But seriously …
A few years back, I was taking pictures of people’s dogs for the fun (and sometimes money) of it, and a lady called me asking if I would take pics of her little black pug. We met to discuss the project, exactly what she wanted and expected, and I got to meet her little dog.
The entire time we talked, the dog in her arms made a growling noise. I baby-talked to him “Yes, you’re scaring me! You’re scaring me bad, you dangerous animal!” The lady said “Oh, he’s not growling. That’s just how he breathes.”
Whoa. Here’s this dog that’s been bred to have a face that’s so compressed, with nasal passages so deviated, that the poor little guy has to struggle for every breath! I’m instantly both disgusted and horrified at that, but I keep it to myself and, a few days later, take the pictures.
With vivid memories in my head of seeing my own big healthy dogs run, play, swim, dig, chase rabbits, fetch tennis balls, roll in the grass, trot happily along mountain trails, I compare this pudgy little cripple and I feel distinctly sorry for him, for the entire breed.
I’m also angry at the people who create them. Nowhere along the way can you find anyone (breeders? owners? dog clubs?) to really BLAME for bringing about this physical form that tragically limits the individual animal and sometimes even promotes suffering, but in my view it is nevertheless a moral crime.
I’ve expressed this opinion more than once in public, and the typical response is “Oh, but they’re really happy little dogs! There’s nothing wrong with them!” I can never seem to get across to those people that breeding a perfectly healthy creature down to where it is defenseless and even debilitated — for reasons of human amusement or style — is wrong.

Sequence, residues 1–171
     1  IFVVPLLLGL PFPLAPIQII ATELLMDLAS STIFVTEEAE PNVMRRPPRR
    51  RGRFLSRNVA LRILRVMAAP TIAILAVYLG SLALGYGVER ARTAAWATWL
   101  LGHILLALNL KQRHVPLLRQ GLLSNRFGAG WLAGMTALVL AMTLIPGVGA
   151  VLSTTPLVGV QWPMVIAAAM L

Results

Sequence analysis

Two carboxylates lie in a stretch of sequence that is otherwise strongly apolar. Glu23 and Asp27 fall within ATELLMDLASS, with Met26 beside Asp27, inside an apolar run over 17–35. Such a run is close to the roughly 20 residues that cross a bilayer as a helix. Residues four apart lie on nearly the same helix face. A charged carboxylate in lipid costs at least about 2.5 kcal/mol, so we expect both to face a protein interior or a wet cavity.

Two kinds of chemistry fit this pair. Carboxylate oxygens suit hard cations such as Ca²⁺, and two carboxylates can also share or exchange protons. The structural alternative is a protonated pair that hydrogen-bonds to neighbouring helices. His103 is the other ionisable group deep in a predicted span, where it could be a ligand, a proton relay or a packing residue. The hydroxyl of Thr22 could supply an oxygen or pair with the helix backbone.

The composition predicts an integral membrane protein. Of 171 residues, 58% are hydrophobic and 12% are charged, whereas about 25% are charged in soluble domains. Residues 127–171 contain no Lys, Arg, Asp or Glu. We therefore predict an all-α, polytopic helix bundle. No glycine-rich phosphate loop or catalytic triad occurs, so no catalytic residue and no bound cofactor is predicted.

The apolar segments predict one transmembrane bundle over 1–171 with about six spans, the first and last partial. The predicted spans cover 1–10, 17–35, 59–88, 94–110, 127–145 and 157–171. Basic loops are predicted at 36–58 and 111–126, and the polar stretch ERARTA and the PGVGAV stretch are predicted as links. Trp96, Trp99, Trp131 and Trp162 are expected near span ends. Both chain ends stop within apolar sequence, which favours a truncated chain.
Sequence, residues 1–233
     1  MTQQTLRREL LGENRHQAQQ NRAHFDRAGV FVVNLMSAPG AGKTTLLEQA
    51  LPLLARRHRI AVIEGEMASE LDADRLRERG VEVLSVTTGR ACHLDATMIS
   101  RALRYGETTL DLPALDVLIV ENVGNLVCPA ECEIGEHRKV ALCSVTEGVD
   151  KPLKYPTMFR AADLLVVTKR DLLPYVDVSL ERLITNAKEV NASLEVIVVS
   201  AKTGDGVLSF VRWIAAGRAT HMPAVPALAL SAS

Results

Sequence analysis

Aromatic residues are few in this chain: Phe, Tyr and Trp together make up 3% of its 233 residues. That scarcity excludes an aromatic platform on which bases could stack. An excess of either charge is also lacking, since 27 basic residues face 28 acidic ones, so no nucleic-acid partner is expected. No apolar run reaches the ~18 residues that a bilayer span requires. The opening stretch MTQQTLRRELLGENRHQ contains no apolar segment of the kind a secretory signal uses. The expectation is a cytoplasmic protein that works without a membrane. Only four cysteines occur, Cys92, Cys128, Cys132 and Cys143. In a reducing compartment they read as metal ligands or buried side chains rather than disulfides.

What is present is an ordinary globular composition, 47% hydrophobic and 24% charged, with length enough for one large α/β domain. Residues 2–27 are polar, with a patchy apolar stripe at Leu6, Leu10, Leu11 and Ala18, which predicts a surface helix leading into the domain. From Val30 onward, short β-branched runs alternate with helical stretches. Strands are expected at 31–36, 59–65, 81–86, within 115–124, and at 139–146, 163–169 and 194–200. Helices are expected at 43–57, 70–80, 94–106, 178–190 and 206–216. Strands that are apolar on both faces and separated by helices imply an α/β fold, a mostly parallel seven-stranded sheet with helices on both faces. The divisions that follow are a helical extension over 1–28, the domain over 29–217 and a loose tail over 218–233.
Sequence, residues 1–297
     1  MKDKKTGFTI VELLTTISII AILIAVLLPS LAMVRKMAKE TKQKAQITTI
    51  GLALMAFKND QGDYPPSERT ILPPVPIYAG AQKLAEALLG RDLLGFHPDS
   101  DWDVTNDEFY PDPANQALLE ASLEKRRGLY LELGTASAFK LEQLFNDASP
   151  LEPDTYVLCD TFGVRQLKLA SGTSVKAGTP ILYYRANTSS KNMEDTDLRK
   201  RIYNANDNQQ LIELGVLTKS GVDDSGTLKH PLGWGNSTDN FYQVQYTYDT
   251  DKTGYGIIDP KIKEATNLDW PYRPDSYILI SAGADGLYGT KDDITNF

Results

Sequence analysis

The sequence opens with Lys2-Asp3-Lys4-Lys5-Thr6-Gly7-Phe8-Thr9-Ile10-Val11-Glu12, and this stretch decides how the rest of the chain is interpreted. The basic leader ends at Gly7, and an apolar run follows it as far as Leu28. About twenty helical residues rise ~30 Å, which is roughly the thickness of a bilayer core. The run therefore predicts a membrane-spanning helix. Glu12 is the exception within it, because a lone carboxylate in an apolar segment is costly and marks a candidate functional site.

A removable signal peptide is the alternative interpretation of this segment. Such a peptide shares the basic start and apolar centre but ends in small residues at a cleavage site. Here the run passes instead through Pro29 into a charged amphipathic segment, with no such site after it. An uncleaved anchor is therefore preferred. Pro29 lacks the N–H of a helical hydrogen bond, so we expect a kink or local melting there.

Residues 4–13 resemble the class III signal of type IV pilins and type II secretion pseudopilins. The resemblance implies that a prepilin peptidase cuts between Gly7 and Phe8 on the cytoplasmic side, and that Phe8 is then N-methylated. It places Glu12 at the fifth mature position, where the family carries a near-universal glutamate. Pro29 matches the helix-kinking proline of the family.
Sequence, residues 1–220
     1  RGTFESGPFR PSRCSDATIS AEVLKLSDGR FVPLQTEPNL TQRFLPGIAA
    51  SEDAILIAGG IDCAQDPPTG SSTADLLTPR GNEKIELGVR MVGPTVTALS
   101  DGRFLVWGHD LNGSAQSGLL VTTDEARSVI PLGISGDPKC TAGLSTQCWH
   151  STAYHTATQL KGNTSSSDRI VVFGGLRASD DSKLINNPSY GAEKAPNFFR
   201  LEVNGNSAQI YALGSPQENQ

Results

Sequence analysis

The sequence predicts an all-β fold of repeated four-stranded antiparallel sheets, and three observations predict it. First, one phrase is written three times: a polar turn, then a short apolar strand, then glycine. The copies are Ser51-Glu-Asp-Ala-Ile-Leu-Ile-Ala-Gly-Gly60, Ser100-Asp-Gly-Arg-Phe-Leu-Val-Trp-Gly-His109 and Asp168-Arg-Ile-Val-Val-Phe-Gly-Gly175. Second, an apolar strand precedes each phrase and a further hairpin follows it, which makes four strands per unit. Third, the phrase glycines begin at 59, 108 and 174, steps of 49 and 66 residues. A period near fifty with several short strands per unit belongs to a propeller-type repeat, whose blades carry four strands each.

I went to meet her. She’d gotten another black pug.
All of this is an intro to a single idea — the Healthy Dog Registry.
Because I’ve seen too much of that same sort of thing. Dogs with bad hips, eye conditions, cancer, so, so much more. All of it the result of DELIBERATE human action, actions — and results — which the breed registries and show dog supporters fiercely defend.
I wish there was such a thing as the HDR (and I wish it had started in 1820), an organization that followed dog lineages for many generations, with the aim of building health, longevity and intelligence into the dogs, FOR THE DOGS, but also to guarantee lasting companionship for the dog owners. Rather than breeding for, say, “cuteness” or good looks for dog shows. If it resulted in a single muttsky-looking breed called the Big Healthy Dog, I could certainly live with that.
A group of people who had the will to carry out such a project over generations — oh, call them Beta Culture — a project of reason and compassion to fix a problem that results from short-term focus on features profitable but unhealthy for the beautiful victims, I’d definitely want to be a part of that.